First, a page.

PiMecha: The Pi-powered humanoid robot

By Lucy Hattersley. Posted

SB Components building humanoid robot with Raspberry Pi for all your customisable human-shaped-robot needs

SB Components’ latest creation, PiMecha, is a fully customisable, fully controllable humanoid robot capable of natural motion via its 17 digital servo motors.

Measuring 370×448 mm (H×W), PiMecha “is designed to allow learning from basic to advanced robotics,” says SB Components director Gajender Singh, adding that it “also enables students to learn Python programming.”.

If your Python skills aren’t so polished, there’s also a graphical control system. Each of the 17 servos is shown in place on a silhouette of PiMecha, allowing you to easily create very lifelike motions.

The Kickstarter page shows videos of PiMecha strutting his funky stuff, doing press-ups, walking, and even turning cartwheels.

PiMecha: Humanoid Raspberry Pi robot

While PiMecha’s dancing is impressively smooth, Gajender reveals that “as of now, audio sensing is not enabled by us.” However, “because the Raspberry Pi holds endless possibilities,” PiMecha owners can add audio sensing “easily”.
Some other potential upgrades are offered as part of Pledge bundles – the 4-inch LCD screen and Raspberry Pi Camera, for example.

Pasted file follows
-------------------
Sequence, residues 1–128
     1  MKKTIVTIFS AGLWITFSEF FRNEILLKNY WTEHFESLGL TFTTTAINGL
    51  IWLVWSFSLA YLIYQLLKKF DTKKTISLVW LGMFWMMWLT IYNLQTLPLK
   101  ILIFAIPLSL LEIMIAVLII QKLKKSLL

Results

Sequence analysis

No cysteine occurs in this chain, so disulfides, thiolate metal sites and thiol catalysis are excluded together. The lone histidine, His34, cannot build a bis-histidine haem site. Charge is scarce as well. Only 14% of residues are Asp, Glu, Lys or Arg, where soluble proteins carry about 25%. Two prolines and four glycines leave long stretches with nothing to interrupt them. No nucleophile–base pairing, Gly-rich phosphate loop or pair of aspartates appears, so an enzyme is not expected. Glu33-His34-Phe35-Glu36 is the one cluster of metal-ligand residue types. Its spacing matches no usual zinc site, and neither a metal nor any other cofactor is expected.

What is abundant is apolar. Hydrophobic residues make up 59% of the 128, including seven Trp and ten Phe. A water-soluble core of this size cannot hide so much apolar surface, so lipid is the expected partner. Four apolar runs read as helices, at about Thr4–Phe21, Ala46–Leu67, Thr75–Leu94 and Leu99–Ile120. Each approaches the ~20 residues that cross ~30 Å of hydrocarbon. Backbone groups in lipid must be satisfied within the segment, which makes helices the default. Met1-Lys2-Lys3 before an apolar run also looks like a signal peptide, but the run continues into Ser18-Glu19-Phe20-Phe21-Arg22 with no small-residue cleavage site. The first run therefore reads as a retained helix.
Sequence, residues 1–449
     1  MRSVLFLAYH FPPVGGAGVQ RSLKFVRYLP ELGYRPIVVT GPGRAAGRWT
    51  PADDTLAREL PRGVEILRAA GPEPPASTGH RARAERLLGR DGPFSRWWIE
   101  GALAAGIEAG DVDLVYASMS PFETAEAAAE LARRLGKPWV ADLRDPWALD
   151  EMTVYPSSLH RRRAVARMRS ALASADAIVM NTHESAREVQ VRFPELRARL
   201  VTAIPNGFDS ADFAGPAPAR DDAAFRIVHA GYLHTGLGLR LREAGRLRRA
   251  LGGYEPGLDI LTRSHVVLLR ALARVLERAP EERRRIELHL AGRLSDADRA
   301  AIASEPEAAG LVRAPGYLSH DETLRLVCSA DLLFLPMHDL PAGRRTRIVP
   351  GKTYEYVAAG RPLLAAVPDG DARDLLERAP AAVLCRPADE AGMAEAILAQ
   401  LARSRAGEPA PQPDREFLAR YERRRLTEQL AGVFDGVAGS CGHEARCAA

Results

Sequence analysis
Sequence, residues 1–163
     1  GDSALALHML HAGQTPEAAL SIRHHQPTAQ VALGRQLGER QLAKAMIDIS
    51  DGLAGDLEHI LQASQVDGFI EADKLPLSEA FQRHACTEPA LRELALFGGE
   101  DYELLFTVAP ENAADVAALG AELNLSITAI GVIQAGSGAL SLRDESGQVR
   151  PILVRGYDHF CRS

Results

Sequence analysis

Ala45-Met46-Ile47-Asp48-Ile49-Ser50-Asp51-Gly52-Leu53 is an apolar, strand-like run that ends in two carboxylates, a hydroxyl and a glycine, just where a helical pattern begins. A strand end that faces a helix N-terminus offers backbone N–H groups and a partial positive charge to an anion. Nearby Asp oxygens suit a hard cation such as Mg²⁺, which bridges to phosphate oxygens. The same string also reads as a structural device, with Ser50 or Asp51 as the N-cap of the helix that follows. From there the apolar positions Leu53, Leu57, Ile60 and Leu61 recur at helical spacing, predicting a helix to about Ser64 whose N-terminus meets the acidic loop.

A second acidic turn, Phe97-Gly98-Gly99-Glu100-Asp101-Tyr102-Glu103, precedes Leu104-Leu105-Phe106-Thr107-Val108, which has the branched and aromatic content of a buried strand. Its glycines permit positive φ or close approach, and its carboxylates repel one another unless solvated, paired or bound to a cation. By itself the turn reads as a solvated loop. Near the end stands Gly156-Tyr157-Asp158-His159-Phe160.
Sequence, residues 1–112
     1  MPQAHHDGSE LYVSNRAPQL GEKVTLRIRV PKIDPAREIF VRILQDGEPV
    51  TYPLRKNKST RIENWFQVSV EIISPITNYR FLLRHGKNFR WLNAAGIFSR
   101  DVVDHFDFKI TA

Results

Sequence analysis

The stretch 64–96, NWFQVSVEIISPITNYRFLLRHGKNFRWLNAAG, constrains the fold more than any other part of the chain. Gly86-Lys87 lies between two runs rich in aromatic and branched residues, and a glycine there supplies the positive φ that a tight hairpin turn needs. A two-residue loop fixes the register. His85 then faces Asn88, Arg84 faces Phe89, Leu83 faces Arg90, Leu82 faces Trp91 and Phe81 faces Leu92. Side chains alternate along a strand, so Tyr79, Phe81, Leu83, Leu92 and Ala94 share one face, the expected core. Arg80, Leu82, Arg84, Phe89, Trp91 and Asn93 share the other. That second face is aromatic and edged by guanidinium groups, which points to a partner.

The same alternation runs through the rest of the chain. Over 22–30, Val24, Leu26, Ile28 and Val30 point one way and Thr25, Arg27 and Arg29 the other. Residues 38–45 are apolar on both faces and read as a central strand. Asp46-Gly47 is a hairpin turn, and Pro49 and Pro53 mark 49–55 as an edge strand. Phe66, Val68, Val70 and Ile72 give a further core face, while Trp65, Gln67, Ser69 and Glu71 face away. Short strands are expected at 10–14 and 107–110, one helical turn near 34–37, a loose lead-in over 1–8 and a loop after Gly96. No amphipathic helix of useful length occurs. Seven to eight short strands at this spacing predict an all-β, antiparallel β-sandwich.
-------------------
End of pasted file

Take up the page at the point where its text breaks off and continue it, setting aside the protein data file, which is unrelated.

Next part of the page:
Upgrading PiMecha in other ways is also possible, as Gajender confirms that “PiMecha also allows for connecting IR and ultrasonic detecting, for obstacle detection and distance measuring respectively.”

PiMecha: Agent of Shield

At the heart of the robot is the PiMecha Shield, governing not only the 17 servos but also managing the battery. Gajender reveals that you can connect the PiMecha Shield “either by using the GPIO stack [header] or by using the USB connection.”

PiMecha’s Kickstarter campaign is looking to raise a modest £25 000 by Sunday 17 June.

The cheapest Pledge option is for an unassembled PiMecha with no Pi for £299; a pre-assembled PiMecha with a Pi 3B+ is listed at £339. PiMecha is compatible with most Raspberry Pi models, including the Pi Zero.

Should PiMecha achieve its funding goal, robots should start shipping in September 2018.

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